depths of the transparent water overshadowed by them,
brought home to the imagination all the enchanting visions of
,t took days of sloshing through transparent water to reach
the high-and-dry hammocks near the Loxahatchee River west
of Jupiter Bay, where Seminole warriors were lying in wait.
Half of the soldiers had lost their shoes in the muck. Sharptoothed
edges of saw palmetto stalks tore holes in their pants
and chewed painful scrapes into their skin. The men drank
swamp water and many were ill. (More died from disease
than fell to the enemy.) Hot sun and a million bugs relentlessly
triggered discomfort. Sleeping on the spongy ground
brought little relief in their soggy, foulsmelling attire. And at
the end of suͿering days and nights came a deadly battle.
SOUNDS OF WAR WHOOPS AND CANNON
2n -an. , 1, the advance guard was Àred upon. As
soon as Jesup heard the news, he gave orders to attack. The
quiet of midday gave way to a tremendous cracking sound of
men rushing forward through a sea of palmettos. The pace of
their charge was suddenly slowed by a half-mile wide slough
full of cypress knees. Hidden in the thick jungle looming on
the horizon, they knew their enemy must be lying in wait
with loaded rifles.
As the Àrst line of soldiers made their approach toward the
dense foliage, a terrifying war whoop from hundreds of warriors
suddenly Àlled the air to the accompaniment of clattering
rifle Àre. 6ome men fell, and the battle was on. Artillerists
Tuickly set up Àeld guns, and then grape shot blasted toward
the smoke of the 6eminoles· muskets. For added eͿect, the
army launched crude Congreve rockets, which made plenty
of terrifying noises, but rarely hit on target. Following the
deafening bombardment, the soldiers charged.
As commander of the entire war eͿort, -esup should have
remained outside the range of the 6eminoles· rifles. But on
one side of the Àeld of battle, he saw hundreds of militiamen
holding back from entering the woods and confronting the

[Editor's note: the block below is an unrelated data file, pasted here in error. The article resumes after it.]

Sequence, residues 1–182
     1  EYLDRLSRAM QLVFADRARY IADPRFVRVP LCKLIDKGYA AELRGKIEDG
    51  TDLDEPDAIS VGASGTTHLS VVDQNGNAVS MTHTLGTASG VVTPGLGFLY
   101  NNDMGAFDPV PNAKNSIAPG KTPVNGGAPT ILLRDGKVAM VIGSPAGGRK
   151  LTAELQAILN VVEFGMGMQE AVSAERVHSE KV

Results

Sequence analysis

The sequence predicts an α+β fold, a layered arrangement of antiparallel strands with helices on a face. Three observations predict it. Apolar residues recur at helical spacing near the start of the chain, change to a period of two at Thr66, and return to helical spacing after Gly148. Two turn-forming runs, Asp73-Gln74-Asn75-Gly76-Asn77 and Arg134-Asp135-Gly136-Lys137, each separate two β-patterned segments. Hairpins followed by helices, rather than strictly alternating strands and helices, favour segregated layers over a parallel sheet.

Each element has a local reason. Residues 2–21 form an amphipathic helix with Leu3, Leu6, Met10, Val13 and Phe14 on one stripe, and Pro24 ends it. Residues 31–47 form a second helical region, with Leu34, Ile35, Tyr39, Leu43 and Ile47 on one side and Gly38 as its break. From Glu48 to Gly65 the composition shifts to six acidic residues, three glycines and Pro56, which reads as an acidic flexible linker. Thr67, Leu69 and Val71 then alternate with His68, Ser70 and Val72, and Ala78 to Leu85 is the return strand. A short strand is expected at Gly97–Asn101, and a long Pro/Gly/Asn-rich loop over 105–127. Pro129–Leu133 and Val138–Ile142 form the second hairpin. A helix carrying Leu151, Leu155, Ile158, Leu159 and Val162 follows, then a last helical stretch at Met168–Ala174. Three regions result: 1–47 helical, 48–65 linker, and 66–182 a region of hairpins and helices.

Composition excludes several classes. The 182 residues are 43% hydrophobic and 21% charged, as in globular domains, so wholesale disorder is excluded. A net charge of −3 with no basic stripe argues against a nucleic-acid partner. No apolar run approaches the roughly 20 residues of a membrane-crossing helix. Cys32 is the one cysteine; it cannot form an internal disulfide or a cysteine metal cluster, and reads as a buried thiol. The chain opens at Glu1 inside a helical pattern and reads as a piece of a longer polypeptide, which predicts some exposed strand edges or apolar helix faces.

,ndians headon. ,mpulsively, -esup Mumped oͿ his horse,
took out his pistol and led them in a charge. Forward he ran
ahead of them all, splashing through the swamp and into the
forested higher ground of his enemy.
Was -esup recalling days of his greatest triumph" At age ,
he became a hero at the Battle of Lundy’s Lane, which took
place within the roar of 1iagara Falls. ,n one of the bloodiest
battles of the War of 1812, he was struck by bullets and shrapnel:
in the shoulder, in the neck, in the chest and in his right
hand ³ which was lastingly disÀgured. .nocked down by
the blast to his chest, he stood back up and rallied his men to
fend oͿ a relentless British onslaught. -esup·s gallantry that
day resulted in a glory that included a series of rapid promotions,
which made him a general by the age of 29.
HE CHARGED ALONE
1ow the 9yearold scorned commander was running,
running — charging once again — in reckless disregard of
his life, into the thickness of the hammock where he could
barely see a few feet ahead. He pressed forward to the edge
of a beautiful, rapidly moving river he had never seen before.
That’s when he looked over his shoulder and found he was
alone, his orders disobeyed. 0y *od 1o one had followed.
He made the charge alone. Jesup looked back across the river
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